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1 Alvissa: Why's the sun lower in the sky than in Footcrag? Is Cragfoot further north?
1 Villager: Ah, no. Closer to winter.
1 Alvissa: Huh?
2 Villager: The teleport gate connects the villages a fortnight apart. Going to Footcrag you go forward in time. Coming here you go back a fortnight.
3 Alvissa: Isn't that confusing?
3 Villager: Nay, it evens out.
4 Villager: 'twould only be a problem if you crossed the Orcrift Mountains on foot. And who'd be stupid enough to do that?
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Living in Australia, fortnight is a completely normal, everyday word, used frequently in everyday conversation, by pretty much everyone. Many things happen on a fortnightly basis, perhaps most importantly for many people: being paid.
So it's always strange when the topic comes up while conversing with Americans, for whom the word "fortnight" is either unknown, or considered unusual, quaint, and archaic, and the fitting basis of linguistic/measurement jokes which, because to us (and citizens of many other Commonwealth countries) "fortnight" is so very normal, fall completely flat.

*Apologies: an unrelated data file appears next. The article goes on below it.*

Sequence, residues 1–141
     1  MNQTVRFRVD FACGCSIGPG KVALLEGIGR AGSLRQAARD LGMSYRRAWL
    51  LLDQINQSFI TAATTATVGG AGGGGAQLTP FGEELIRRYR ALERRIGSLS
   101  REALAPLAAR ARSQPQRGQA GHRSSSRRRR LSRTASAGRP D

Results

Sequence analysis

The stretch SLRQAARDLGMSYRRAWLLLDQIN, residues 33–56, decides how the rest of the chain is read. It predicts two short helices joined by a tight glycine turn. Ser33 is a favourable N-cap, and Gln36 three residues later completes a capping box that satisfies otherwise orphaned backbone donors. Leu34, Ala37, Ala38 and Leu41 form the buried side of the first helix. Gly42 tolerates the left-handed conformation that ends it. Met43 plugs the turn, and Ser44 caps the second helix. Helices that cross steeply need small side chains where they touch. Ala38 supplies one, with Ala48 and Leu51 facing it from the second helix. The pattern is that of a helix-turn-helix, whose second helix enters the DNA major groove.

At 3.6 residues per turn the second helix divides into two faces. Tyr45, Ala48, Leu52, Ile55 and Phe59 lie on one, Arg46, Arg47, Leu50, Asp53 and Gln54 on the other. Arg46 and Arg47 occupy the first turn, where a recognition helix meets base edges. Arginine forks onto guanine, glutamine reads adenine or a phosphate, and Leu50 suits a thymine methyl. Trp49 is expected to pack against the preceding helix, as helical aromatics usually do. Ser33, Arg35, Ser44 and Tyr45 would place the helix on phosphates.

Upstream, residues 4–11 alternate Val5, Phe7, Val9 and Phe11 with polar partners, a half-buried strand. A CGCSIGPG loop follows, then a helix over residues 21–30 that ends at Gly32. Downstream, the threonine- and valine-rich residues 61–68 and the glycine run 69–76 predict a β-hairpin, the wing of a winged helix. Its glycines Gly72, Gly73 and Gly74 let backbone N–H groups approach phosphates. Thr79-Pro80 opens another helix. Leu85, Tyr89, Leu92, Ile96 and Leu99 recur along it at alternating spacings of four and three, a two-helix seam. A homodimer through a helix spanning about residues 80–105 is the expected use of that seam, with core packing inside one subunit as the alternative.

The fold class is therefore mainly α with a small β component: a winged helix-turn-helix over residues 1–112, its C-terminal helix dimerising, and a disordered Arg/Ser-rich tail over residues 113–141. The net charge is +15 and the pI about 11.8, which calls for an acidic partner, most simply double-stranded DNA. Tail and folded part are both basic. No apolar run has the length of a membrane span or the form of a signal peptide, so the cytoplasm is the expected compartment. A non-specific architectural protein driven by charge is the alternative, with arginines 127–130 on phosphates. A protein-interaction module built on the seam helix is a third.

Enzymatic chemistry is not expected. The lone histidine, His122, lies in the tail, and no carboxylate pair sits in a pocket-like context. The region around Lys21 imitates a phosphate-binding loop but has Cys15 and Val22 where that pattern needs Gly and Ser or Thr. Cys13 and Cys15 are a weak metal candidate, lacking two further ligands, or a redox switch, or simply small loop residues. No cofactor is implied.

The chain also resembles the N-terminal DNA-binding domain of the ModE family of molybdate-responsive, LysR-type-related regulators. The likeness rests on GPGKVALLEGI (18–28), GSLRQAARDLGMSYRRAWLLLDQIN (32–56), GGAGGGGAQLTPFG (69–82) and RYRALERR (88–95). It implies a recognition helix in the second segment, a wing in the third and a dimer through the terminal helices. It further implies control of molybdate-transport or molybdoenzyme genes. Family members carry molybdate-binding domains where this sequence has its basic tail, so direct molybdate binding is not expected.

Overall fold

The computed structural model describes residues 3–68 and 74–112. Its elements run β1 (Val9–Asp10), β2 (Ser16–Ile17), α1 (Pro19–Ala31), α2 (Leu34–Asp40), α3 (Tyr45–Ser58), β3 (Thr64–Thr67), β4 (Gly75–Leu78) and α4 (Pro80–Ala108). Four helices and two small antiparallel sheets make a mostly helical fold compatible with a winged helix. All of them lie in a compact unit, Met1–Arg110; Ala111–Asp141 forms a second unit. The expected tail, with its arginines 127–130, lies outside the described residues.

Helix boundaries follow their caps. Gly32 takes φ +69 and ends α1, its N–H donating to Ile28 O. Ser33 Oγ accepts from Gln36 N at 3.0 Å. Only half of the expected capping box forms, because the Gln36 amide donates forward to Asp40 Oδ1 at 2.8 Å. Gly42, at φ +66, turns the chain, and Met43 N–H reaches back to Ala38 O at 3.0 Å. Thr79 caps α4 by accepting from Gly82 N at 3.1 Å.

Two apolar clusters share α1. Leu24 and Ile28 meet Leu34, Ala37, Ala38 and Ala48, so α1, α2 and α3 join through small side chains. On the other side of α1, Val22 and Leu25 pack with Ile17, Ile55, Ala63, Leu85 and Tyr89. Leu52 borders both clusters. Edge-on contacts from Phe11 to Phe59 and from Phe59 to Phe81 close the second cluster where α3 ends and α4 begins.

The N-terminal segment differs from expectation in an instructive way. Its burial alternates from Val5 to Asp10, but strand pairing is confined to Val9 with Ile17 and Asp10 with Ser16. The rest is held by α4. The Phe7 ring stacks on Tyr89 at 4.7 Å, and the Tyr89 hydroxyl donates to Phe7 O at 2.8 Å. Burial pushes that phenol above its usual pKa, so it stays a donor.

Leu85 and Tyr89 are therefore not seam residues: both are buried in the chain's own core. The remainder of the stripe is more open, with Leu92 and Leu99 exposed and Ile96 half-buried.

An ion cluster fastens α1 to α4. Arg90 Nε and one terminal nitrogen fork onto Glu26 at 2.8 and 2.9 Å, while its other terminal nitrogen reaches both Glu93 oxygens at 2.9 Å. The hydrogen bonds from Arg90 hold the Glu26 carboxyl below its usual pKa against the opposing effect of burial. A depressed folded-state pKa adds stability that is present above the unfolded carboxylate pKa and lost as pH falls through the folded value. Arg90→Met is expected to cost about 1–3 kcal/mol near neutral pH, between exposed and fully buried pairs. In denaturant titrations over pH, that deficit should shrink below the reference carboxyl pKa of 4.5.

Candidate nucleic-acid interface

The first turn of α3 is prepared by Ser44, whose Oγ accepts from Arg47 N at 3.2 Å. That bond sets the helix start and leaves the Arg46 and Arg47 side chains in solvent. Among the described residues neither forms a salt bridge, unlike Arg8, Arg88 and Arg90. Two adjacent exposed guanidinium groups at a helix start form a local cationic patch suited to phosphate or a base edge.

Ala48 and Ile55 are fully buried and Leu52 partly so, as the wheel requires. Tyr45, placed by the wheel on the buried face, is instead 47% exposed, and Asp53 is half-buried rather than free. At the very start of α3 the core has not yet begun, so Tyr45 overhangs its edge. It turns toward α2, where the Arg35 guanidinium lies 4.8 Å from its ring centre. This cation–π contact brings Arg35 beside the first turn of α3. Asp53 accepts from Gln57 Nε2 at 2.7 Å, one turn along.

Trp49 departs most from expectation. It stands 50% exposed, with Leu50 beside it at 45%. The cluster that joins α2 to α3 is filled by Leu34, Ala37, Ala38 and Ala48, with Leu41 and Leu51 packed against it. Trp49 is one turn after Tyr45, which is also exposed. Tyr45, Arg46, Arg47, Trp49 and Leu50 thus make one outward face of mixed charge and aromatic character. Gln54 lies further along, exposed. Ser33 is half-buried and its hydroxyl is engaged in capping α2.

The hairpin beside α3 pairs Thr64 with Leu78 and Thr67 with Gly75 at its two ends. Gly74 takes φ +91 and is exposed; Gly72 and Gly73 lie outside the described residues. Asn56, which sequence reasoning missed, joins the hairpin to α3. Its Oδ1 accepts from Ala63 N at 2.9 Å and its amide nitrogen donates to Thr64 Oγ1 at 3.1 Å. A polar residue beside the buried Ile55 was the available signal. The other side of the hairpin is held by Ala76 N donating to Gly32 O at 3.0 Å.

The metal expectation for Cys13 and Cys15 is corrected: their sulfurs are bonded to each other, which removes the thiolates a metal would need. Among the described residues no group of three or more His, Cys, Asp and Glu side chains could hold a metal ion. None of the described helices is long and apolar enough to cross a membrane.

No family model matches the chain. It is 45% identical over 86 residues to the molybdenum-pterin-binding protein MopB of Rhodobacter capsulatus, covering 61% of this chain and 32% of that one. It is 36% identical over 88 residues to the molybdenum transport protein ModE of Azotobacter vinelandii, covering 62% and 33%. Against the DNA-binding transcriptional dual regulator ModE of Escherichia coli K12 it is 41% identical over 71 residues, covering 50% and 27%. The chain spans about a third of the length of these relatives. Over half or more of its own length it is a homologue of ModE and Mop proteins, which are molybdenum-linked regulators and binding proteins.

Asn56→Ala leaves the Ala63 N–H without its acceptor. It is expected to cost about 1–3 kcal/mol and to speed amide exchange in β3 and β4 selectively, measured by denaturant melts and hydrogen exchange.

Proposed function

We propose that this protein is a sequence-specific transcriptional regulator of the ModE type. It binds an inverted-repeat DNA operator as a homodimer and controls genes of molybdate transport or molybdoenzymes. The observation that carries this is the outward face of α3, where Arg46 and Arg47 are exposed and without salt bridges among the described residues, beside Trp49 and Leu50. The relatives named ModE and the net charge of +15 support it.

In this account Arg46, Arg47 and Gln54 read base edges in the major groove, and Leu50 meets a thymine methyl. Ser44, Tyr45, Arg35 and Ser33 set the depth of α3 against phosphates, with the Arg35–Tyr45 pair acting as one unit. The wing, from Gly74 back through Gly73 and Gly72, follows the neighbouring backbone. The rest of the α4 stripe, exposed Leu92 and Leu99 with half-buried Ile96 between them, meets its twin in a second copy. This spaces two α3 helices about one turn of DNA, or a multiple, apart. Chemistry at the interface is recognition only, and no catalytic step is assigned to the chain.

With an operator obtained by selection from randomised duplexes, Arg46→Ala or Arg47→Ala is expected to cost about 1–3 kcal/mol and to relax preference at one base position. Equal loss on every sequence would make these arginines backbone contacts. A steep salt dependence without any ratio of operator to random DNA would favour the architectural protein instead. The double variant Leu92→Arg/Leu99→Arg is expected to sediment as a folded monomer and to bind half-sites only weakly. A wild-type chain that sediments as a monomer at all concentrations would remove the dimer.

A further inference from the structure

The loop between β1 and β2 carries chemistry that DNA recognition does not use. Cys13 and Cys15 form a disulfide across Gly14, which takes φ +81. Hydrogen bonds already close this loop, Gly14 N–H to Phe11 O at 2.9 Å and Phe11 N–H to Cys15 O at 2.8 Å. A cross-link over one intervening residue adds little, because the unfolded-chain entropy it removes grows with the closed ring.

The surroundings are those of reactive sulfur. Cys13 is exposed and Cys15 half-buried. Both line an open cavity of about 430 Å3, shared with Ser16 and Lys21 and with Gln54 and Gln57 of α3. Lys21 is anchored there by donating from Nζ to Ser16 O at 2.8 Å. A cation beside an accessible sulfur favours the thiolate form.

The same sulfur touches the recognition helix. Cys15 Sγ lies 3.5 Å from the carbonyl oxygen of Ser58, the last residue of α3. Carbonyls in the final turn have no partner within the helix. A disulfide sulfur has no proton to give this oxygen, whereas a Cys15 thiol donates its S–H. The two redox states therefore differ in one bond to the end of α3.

This word sounds weird, quaint, and archaic, and I honestly have difficulty believing that regular people use it in normal conversation, but I must presume that to many, if not most, Americans it's perfectly understandable and normal.
Australian (and I presume British) English doesn't even have a single word for this concept of "diagonally across from". I can absolutely guarantee you that if I used "cater-corner" in conversation with people here, nobody would have any idea what it means (except a couple of my friends, with whom I've specifically discussed this word).
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